It is a pleasant time of year. The evenings are growing cool, almost cold. That is always a reminder in late August that the harvest season is almost upon us. Last week I even had to get some starting fluid to help start an older tractor of mine. There is even talk of a possible frost in Ontario next week. Spare me. That is way too early to talk about Jack Frost. The crop outside my window still needs more time.
Today, we found out the latest crop estimates from Statistics Canada for the principal crops in the field. In Ontario, Stat Can is estimating 3.1 million acres of soybeans at an estimated yield 44.6 bushels per acre. This is a 10.2% increase over 2016. On the other hand, Statistics Canada is staying with their estimate of Ontario corn acres at 2.1 million acres with a projected yield of 161 bushels per acre. What this translates to is a very good crop for Ontario albeit about a week or two behind last year. We will need some extra heat in September to bring this big crop home.
The Statistics Canada report was interesting for a few other anomalies. For instance, Québec corn production is actually going to be down approximately 6.6% from last year. On the other hand, Manitoba soybean production is pegged at 2.3 million acres, a 27% increase from 2016. Saskatchewan soybean acreage has tripled from 2016 up to 845,000 acres. Clearly, if it keeps going, Western Canadian soybean acreage is set to explode in the years ahead. That will surely challenge Western infrastructure. They will need a lot more soybean processing to make it all work. The lowest basis levels in North America are not a good thing.
Clearly, we have some intriguing agricultural production not only in Ontario but also a Western Canada world, which is expanding exponentially. It’s being done in some relatively lean times price wise. We are fortunate that interest rates are still low. That has been the fuel for much agricultural expansion over the last several years.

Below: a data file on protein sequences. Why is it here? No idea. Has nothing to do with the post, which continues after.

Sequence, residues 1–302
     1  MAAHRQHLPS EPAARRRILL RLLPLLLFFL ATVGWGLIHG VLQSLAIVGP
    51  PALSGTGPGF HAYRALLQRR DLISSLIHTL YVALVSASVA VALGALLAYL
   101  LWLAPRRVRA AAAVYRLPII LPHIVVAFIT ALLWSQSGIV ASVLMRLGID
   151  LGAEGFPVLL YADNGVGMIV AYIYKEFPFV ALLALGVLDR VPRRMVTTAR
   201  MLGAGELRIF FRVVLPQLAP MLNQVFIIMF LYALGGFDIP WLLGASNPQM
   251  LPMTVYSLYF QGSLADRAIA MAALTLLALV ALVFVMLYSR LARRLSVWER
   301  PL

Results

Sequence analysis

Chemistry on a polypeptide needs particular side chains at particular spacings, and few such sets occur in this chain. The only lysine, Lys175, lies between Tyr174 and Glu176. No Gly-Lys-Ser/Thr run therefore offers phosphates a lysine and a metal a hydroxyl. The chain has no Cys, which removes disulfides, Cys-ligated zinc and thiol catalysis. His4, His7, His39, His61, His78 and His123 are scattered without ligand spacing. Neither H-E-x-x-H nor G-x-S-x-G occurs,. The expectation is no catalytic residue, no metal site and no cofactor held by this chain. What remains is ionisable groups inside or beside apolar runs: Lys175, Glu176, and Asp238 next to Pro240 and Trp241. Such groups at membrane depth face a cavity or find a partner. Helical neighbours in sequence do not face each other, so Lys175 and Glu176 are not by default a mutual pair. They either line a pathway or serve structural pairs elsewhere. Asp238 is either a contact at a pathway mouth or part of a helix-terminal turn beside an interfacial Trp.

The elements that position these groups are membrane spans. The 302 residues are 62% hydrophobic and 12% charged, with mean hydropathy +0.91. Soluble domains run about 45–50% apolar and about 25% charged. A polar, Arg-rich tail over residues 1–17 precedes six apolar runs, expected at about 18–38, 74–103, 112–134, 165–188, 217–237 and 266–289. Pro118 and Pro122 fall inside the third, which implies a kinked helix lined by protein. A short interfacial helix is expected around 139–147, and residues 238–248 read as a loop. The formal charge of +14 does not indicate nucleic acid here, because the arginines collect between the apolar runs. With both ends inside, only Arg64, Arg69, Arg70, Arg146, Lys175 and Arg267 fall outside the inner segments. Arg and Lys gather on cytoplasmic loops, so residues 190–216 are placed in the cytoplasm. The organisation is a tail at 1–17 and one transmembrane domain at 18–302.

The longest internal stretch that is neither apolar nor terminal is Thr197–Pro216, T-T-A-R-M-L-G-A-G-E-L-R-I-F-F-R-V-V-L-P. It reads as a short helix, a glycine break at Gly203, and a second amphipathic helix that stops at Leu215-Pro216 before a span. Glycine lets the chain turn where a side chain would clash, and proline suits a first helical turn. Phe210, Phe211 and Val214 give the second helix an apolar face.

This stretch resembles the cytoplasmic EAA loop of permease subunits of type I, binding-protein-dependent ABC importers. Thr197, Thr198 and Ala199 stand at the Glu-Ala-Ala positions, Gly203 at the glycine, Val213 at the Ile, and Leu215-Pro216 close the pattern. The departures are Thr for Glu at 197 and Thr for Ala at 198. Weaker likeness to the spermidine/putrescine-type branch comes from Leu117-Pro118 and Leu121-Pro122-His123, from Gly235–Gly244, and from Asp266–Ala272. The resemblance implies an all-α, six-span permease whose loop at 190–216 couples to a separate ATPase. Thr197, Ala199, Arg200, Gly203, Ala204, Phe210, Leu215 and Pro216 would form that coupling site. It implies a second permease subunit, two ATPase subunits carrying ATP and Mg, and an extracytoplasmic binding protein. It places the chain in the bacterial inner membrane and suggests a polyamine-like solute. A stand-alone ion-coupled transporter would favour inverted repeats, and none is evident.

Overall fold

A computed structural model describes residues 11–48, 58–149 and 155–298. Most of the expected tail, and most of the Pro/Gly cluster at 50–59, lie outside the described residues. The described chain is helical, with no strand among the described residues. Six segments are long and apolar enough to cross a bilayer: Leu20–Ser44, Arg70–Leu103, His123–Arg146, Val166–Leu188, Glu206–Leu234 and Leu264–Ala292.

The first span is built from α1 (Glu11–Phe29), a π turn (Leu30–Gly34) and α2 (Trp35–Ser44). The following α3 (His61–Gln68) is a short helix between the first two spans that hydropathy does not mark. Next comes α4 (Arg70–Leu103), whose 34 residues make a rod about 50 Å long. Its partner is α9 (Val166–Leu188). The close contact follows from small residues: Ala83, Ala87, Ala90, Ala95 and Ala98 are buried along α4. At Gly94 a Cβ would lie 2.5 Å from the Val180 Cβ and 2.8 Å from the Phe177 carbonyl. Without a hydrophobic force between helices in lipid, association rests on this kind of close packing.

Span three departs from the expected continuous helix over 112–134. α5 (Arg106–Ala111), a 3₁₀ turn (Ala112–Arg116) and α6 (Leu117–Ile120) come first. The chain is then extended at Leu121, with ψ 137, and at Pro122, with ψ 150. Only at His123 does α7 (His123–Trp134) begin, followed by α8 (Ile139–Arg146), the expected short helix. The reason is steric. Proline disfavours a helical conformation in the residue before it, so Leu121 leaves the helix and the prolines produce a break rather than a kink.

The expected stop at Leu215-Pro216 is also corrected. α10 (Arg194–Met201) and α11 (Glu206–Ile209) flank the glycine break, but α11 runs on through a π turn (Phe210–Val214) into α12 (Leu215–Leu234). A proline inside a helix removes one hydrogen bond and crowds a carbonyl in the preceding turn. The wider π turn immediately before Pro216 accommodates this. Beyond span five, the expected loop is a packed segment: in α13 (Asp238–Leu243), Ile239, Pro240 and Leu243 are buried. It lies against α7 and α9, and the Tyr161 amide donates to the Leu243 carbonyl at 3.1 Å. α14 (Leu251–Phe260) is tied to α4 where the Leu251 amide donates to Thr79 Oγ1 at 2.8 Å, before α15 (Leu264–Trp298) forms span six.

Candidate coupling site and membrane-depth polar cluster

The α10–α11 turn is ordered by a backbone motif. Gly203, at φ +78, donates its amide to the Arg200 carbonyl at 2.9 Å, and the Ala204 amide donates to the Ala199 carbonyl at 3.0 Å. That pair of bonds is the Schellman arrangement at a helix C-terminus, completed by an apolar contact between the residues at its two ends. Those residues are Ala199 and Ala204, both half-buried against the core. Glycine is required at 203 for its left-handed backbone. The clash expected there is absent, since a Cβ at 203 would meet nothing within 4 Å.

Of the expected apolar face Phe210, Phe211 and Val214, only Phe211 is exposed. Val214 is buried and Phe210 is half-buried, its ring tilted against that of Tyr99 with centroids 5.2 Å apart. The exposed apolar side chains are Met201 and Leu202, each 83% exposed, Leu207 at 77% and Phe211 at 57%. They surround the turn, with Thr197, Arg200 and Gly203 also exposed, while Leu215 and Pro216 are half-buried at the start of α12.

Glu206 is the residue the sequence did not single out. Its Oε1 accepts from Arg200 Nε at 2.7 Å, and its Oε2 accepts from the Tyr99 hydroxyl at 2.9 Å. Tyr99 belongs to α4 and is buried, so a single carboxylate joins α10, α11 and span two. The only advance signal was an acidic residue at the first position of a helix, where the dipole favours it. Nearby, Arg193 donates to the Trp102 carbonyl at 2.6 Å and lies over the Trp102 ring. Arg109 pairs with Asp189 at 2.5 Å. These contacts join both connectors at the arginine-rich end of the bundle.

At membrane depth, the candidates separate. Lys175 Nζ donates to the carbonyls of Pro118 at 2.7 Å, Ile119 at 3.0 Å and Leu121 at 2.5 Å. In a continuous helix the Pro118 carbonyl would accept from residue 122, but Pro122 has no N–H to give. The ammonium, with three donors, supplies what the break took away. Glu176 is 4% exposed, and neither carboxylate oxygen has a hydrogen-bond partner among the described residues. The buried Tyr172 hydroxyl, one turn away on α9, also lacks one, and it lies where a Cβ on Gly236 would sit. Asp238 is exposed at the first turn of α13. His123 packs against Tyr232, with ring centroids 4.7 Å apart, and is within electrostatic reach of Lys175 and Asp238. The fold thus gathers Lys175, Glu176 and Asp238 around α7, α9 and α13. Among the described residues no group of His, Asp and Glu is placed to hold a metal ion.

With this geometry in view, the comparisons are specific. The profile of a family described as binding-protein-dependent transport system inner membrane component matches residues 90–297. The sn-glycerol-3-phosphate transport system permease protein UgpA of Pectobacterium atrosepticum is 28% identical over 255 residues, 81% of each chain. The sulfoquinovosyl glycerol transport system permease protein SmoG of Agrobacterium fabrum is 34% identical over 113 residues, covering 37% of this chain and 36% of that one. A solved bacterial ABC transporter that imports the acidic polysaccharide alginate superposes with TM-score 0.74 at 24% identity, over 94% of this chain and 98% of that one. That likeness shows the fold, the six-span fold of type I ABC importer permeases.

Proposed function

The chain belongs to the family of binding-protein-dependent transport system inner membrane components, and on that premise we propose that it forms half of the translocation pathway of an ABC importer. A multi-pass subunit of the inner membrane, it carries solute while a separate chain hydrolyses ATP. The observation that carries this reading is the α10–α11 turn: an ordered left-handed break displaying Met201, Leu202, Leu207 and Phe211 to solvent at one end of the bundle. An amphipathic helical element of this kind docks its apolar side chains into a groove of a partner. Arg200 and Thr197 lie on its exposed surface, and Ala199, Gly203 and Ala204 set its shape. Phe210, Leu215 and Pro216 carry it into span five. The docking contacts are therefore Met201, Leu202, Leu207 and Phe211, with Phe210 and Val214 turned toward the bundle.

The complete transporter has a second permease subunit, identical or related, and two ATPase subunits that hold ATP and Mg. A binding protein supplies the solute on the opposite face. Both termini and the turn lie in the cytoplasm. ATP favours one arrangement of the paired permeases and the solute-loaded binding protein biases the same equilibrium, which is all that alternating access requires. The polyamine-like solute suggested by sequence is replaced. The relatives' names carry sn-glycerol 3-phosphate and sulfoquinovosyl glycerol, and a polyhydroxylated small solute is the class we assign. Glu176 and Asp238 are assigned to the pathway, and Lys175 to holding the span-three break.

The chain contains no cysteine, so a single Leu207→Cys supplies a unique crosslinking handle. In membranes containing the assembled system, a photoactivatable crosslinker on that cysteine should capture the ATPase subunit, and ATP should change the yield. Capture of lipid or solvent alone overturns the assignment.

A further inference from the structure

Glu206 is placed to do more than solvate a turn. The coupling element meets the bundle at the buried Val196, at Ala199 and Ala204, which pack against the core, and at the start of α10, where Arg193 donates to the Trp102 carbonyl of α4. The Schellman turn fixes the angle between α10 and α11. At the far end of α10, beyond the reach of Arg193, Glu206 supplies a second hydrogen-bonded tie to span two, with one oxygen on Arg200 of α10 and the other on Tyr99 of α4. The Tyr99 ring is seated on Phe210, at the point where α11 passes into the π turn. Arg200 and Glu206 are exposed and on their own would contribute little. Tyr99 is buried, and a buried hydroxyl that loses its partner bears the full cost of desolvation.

This is taking place in a grain marketplace, which has being bearish for the last 4 to 5 years. Prices have been range bound for a number of commodities with a few notable exceptions like wheat this past July. However, what I find particularly intriguing is the strength in the Canadian economy. Statistics Canada released their latest statistics on the health of our economy last Thursday.
Statistics Canada reported that Canada’s gross domestic product increased by 1.1% between March and June. Now, this might not mean much to most of you but on an annualized basis that’s an economic expansion of 4.5%. That is huge for a country like Canada and is the highest that figure has been since the third quarter of 2011. It means that the economy is growing rapidly and with a rapidly growing economy more people go back to work and more money flows in the streets. It is also good for food demand.
Of course all this good economic news is having an effect on expectations. It didn’t take the loonie long to gain back what it had lost previously currently fluttering over the $.80 US mark. Of course, nobody knows the future but there is already people out there predicting a $.91 loonie. However, that is almost sport in Canada predicting where the Canadian dollar will go. If it is down to $.78 by next week there will be somebody predicting it going to $.68. It is such a whipping post.
With the Canadian economy in overdrive the loonie is not the only concern. For instance, do you remember inflation? The Bank of Canada has wanted to contain inflation at 2%. They have been doing a good job at that. However, with our economy growing at an annualized rate of 4.5%, that becomes more difficult. We’ll start having too much money chase too few resources and that could result in inflation going up.
The way central banks control inflation is with higher interest rates. So as we look into next week it will be interesting to see what the Bank of Canada does with interest rates. Is not beyond the realm of possibility that we will see interest rates go up again and again in the next several months if our Canadian economy remains strong. Of course it will also matter what the US Federal Reserve does.
A lot of times when you consistently decipher the agricultural economy you can ignore what’s going on in the nonfarm economy. Sometimes it’s just swimmingly in the background. This would be one of those times except for the fact that our economic growth rate is so high, and the specter of higher interest rates is suddenly more real. It’s happening at a time when our agricultural commodity prices are low. It’s happening at a time when we really can’t ignore it. What we need is a black swan to come along in the next six weeks to make agricultural markets better. In lieu of that, its time for vigilance. Inflation, our loonie and interest rates seem to be on the move.